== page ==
Navigation Links
HIV integration requires use of a host DNA-repair pathway

COLUMBUS, Ohio The human immunodeficiency virus (HIV), the cause of AIDS, makes use of the base excision repair pathway when inserting its DNA into the host-cell genome, according to a new study led by researchers at the Ohio State University Comprehensive Cancer Center Arthur G. James Cancer Hospital and Richard J. Solove Research Institute. Crippling the repair pathway prevents the virus from completing this critical step in the retrovirus's life cycle.

The findings offer potential new targets for novel anti-HIV drugs that may not lead as quickly to viral resistance as current drugs, the researchers say.

"HIV continues to develop resistance to current therapies," says first author Kristine Yoder, assistant professor of molecular virology, immunology and medical genetics. "But the proteins we talk about in this paper are made by the cell, so drugs that target them might not lead to resistance as quickly as drugs that target viral proteins. And while targeting host proteins does have the potential for side effects, studies of mice suggest that targeting some of these genes may not lead to significant side effects."

The paper was published online March 23 in the journal PLoS ONE.

Cells normally use base excision repair to fix oxidative damage to DNA caused by reactive molecules such as hydrogen peroxide and oxygen radicals, which form during energy production and other metabolic processes.

For this study, Yoder and her colleagues investigated the role of the repair pathway in the virus insertion process by engineering four strains of mouse fibroblast cells that each lacked a component of the pathway. Specifically, they deleted genes for three glycosylase enzymes Ogg1, Myh, and Neil1 and one polymerase gene, Pol-beta.

They found that the loss of any of these elements reduced the ability of HIV DNA to integrate with host-cell DNA by about 60 to 70 percent. In an additional experiment, the researchers restored the polymerase in cells that lacked it, and this enabled the HIV DNA to again integrate at its normal level.

"Overall, our findings indicate that HIV infection and integration efficiency depends on the presence of base excision repair proteins, and that these proteins might make novel new targets for the treatment of HIV infection," Yoder says.


Contact: Darrell E. Ward
Ohio State University Medical Center

Related biology news :

1. Mandate for biofuels production requires science-based policy and global perspective
2. Growth of new brain cells requires epigenetic switch
3. Long-term recovery of reefs from bleaching requires local action to increase resilience
4. Study finds DNA barcoding requires caution without closer examination
5. IPY follow-up requires year-round research on Arctic and global warming
6. Early cotton planting requires irrigation
7. Killing drug-resistant melanoma requires combination therapy
8. Breast cancer treatment resistance linked to signaling pathway
9. Barcelona Declaration 2008: Challenges and Pathways to Earth Sustainability
10. Research uncovers new steps on pathway to enlarged heart
11. New gene-silencing pathway found in plants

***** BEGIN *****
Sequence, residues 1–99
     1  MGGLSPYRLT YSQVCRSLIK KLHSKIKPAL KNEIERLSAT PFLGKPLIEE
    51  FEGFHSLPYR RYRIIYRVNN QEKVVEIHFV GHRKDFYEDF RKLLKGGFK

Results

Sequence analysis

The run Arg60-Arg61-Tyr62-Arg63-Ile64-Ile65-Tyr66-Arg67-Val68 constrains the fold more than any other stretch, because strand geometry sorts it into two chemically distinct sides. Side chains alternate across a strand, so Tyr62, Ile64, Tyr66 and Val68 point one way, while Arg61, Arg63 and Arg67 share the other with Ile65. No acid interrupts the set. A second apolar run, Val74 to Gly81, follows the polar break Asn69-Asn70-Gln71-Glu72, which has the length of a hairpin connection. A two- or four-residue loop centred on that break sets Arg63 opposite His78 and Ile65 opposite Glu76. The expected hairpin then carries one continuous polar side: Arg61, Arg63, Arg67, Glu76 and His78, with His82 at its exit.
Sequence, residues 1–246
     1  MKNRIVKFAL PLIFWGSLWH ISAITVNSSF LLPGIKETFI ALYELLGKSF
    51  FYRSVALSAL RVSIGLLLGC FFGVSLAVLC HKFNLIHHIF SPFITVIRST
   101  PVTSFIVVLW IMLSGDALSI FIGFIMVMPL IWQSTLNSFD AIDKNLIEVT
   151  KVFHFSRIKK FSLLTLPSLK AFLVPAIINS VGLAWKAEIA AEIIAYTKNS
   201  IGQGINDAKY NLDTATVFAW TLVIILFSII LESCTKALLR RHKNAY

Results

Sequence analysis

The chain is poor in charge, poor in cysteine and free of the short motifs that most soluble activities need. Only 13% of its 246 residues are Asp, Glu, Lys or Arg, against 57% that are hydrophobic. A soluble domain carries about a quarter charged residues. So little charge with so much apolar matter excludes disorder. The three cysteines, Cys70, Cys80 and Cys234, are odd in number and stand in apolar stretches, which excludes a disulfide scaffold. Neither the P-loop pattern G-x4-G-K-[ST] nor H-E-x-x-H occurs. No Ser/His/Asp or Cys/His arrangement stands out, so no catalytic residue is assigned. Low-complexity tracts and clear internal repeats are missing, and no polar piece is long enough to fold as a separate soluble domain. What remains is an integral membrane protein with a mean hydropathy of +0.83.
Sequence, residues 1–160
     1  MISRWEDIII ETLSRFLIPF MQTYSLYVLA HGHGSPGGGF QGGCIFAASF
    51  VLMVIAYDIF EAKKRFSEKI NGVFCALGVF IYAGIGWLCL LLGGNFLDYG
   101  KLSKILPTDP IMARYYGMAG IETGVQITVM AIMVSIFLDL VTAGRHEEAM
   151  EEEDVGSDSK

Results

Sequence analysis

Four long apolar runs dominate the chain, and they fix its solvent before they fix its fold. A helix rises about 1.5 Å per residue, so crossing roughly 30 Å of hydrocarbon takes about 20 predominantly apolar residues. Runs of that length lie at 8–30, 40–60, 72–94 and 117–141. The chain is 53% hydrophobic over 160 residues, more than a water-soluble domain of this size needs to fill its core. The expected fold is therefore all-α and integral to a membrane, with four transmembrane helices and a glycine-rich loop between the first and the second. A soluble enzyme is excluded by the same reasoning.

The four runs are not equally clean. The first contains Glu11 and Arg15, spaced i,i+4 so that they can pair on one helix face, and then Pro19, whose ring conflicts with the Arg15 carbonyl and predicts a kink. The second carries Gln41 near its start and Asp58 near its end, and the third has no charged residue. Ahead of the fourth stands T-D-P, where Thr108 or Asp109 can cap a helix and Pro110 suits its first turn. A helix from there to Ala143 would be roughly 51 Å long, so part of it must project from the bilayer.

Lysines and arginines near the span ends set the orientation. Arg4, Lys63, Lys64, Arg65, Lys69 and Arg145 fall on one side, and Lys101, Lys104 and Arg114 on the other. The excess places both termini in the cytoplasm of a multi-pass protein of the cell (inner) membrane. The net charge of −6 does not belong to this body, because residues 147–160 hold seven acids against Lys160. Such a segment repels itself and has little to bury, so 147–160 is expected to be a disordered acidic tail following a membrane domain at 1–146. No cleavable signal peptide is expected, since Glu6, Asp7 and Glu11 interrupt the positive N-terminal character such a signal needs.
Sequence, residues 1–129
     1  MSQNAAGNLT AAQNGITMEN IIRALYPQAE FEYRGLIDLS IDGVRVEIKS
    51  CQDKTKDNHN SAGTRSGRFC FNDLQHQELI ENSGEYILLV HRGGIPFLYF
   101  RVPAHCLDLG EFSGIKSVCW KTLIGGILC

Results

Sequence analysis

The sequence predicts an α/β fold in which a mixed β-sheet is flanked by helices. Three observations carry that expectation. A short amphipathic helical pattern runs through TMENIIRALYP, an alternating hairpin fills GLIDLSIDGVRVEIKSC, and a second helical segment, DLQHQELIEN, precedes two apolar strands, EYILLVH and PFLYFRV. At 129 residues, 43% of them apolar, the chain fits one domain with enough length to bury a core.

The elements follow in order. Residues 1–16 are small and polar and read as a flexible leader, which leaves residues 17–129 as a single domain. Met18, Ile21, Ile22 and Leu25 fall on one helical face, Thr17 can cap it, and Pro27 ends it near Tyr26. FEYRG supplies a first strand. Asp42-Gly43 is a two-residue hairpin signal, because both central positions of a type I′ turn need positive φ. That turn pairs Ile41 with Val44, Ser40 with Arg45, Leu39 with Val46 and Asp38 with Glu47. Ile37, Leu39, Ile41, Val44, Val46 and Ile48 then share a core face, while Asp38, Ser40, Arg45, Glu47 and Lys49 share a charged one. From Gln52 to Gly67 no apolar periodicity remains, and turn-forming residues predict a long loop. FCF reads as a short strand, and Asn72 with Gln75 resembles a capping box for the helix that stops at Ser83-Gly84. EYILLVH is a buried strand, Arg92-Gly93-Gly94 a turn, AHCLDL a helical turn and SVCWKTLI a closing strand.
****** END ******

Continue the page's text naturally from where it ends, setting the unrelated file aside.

Post Your Comments:
(Date:11/12/2015)... , Nov. 12, 2015  A golden retriever ... Duchenne muscular dystrophy (DMD) has provided a new lead ... Children,s Hospital, the Broad Institute of MIT and Harvard ... Brazil . Cell, pinpoints ... dogs "escape" the disease,s effects. The Boston Children,s lab ...
(Date:11/10/2015)... NEW YORK , Nov. 10, 2015 /PRNewswire/ ... refers to behavioral biometrics that helps to identify ... prevent fraud. Signature is considered as the secure ... for the identification of a particular individual because ... offers more accurate results especially when dynamic signature ...
(Date:10/29/2015)... , Oct. 29, 2015   MedNet Solutions , ... entire spectrum of clinical research, is pleased to announce ... Tech Association (MHTA) as one of only three finalists ... "Software – Small and Growing" category. The Tekne Awards honor ... have shown superior technology innovation and leadership. ...
Breaking Biology News(10 mins):
(Date:11/25/2015)... HOLLISTON, Mass. , Nov. 25, 2015 ... a biotechnology company developing bioengineered organ implants for life-threatening ... will present at the LD Micro "Main Event" investor ... PT. The presentation will be webcast live and posted ... also be available at the conference for one-on-one meetings ...
(Date:11/25/2015)... 2015 Orexigen® Therapeutics, Inc. (Nasdaq: OREX ... fireside chat discussion at the Piper Jaffray 27th Annual ... The discussion is scheduled for Wednesday, December 2, at ... A replay will be available for 14 days after ... Julie NormartVP, Corporate Communications and Business Development , BrewLife(858) ...
(Date:11/24/2015)... ... ... The United States Golf Association (USGA) today announced Dr. Bruce Clarke, of ... since 1961, the USGA Green Section Award recognizes an individual’s distinguished service to the ... of Iselin, N.J., is an extension specialist of turfgrass pathology in the department of ...
(Date:11/24/2015)... Worcester, Mass. (PRWEB) , ... November 24, 2015 ... ... need to maintain healthy metabolism. But unless it is bound to proteins, copper ... Institutes of Health (NIH), researchers at Worcester Polytechnic Institute (WPI) will conduct a ...
Breaking Biology Technology: